# I Potential Energy for "stone + field" physical system

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1. Nov 23, 2018

### cianfa72

Consider the classical scenario a stone falling in the Earth gravitational field.
Classically we attach a Potential Energy to the stone and using the law of conservation of (mechanical) energy we are able to evaluate the dynamic of the falling stone.

This model assume a stone in a "external" field (due to the Earth) with potential energy attached to the stone itself (here the physical system to take in account is actually "the stone").

On the other hand I was thinking we can attach a Potential energy to the field itself considering as physical system the union "stone + field": this way potential energy of the system is basically the energy attached to the field while the kinetic one is that of the stone.

Does it make sense ?

2. Nov 23, 2018

### PeroK

It's a good question.

If you move to the theory of GR, then the potential energy as a concept disappears (as does the concept of force), except in Newtonian approximations. What you have in GR is the concept of the energy of a particle measured locally (by a local observer). This energy is the kinetic energy (plus the rest-mass energy). The particle has no potential energy, as such. Instead, the different measurements of energy depend on the motion of the particle and the observer through spacetime. (Technically, these are four-velocity of the particle and observer.)

If you take a step further and consider an expanding universe, then you lose the principle of energy conservation. Or, if you want to retain energy conservation, then some energy has to be stored in the gravitational field. There's a good piece about that by Sean Carroll here.

http://www.preposterousuniverse.com/blog/2010/02/22/energy-is-not-conserved/

3. Nov 23, 2018

### lightarrow

With "Classically" what you mean? Classical mechanics?
E. g. when you study the hydrogen energy levels in QM you don't say "the electron energy levels", exactly because this energy must be ascribed to the whole system "atom". Even in classical electrodynamics you usually don't ascribe potential energy to a single charged particle, but to the system of interacting ones.

--
lightarrow

4. Nov 23, 2018

### PeroK

Whatever was meant by "classical", it was not QM!

5. Nov 23, 2018

### cianfa72

Sure I mean not QM nor GR
Just to be more clear: at basic (undergrad) level the model above is based on an external (let me say assigned) field described by a Potential function (note "Potential" and not "Potential Energy"...maybe here is the root of my confusion). Where is "stored in a form of energy" the work done against the field when the stone changes position in the external field ? We can assume it is "stored" into the Potential Energy of the stone in the field I guess, and here there exist no way to store it in the field itself (the external field is assigned and cannot change).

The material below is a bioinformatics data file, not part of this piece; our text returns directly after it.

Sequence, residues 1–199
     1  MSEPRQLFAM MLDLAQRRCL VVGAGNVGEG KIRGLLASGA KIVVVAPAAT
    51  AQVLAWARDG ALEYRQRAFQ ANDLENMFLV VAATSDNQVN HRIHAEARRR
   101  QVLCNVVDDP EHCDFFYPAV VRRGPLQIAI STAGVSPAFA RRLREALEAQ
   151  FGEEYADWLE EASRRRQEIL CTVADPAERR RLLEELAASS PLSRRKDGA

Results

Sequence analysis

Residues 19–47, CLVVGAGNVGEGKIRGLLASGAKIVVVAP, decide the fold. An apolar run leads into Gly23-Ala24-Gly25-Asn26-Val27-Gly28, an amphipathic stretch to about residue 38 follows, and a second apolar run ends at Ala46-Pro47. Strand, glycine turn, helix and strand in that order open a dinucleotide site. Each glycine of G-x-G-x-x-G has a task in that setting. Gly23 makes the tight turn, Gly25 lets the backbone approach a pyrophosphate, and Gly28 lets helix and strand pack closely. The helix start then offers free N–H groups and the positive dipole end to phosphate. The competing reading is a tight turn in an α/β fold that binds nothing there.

In the other scenario that also includes in the model the "source" of gravitational field (the Earth body) the physical system to consider is basically "Earth body + field + stone" and this time we are able to "store" the work done in the field itself (now the field is not "assigned" but reflects the interaction between bodies).

Last edited: Nov 23, 2018
6. Nov 23, 2018

### Mister T

Many authors of introductory textbooks and curricula have taken the approach that the potential energy is a property of the Earth-stone system. And moreover that it must be done this way to develop a concept of energy that is consistent across both newtonian mechanics and thermodynamics.

7. Nov 24, 2018

### cianfa72

Going further and considering SR preventing us to have infinite interaction speed (bound to the speed of the light) I believe also in the simple "Earth+stone" system we are "forced" to introduce the concept of "field" in order to mediate interactions between bodies. This way Earth actually interacts with field as the stone too. Therefore the physical system to take in account is formed actually by "Earth + field + stone" and we can assign to the current field distribution a (potential) energy density in which we can image "stored" the work done to bring the system in the current configuration.

Coming back to the model "stone in an external assigned field", it surely simplify the model to calculate the stone dynamic but from Energy point of view I believe it is poor, what do you think about ?

8. Nov 27, 2018

### cianfa72

Or, maybe, it is better to say in that model the system is actually made of "stone + field" with potential energy a property of that system (basically here "the field" acts let me say as a body or "thing")

9. Nov 29, 2018

### cianfa72

Could you elaborate more this point ? Thanks

10. Nov 29, 2018

### PeroK

Do you have a specific question?

11. Nov 29, 2018

### cianfa72

In the context of SR even with finite interaction speed (basically limited by the speed of the light - c) I believe we can still introduce the concept of "field" including the associated potential energy as in the case of "classic" physics. Consider for instance the system made of 2 electric charges: the work done on them by external forces basically increases the "electrical potential energy" of the system that we can image "stored" in distribution of the electric field itself.

Does it make sense ?

12. Nov 29, 2018

### PeroK

There were attempts, I believe, to reconcile Newtonian gravity with SR. But, I don't know much about them, except they didn't succeed.

13. Nov 30, 2018

### cianfa72

ok but in this example we are talking about electrical (or electromagnetic) field in the context of SR neglecting GR (for instance spacetime curvature)

14. Nov 30, 2018

### PeroK

I thought we were talking about gravity. Maxwell's theory of EM was/is compatible with SR. For example, you have the four-potential:

https://en.wikipedia.org/wiki/Electromagnetic_four-potential